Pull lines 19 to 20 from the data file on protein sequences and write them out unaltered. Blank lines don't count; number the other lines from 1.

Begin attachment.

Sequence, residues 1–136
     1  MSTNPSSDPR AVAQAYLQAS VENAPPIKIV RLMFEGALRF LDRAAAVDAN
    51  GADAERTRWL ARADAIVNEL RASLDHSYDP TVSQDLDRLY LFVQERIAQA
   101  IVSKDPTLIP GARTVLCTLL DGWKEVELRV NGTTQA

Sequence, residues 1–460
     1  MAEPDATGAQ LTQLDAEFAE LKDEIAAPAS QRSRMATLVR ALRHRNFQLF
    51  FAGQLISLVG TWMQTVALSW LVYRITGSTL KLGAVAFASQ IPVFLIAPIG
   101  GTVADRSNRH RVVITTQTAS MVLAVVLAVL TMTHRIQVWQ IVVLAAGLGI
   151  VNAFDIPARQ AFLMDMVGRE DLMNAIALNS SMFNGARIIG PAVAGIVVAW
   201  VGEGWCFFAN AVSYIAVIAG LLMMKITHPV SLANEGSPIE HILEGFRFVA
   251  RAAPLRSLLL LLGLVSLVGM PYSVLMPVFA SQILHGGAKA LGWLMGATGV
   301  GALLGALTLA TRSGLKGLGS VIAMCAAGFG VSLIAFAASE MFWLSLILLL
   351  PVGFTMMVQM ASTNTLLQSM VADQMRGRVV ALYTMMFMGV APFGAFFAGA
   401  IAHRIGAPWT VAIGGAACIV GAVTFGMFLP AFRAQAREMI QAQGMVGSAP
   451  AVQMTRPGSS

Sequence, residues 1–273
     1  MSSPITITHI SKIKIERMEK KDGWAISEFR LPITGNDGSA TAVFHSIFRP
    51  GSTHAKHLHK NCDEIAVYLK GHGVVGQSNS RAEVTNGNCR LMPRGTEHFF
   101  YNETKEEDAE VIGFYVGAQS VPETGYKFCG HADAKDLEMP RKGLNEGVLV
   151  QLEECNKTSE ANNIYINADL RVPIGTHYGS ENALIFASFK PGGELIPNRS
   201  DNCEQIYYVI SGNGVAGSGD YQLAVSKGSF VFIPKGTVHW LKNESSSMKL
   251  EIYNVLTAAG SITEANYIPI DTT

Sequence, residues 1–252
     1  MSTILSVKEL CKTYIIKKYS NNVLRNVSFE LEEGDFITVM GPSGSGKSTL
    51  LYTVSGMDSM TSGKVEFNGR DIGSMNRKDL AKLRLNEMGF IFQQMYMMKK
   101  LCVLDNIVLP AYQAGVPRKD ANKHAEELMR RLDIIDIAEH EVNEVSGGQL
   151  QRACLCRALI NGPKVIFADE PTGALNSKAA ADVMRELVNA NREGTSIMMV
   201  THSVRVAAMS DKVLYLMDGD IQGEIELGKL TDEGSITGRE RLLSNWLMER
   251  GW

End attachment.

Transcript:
   101  YNETKEEDAE VIGFYVGAQS VPETGYKFCG HADAKDLEMP RKGLNEGVLV
   151  QLEECNKTSE ANNIYINADL RVPIGTHYGS ENALIFASFK PGGELIPNRS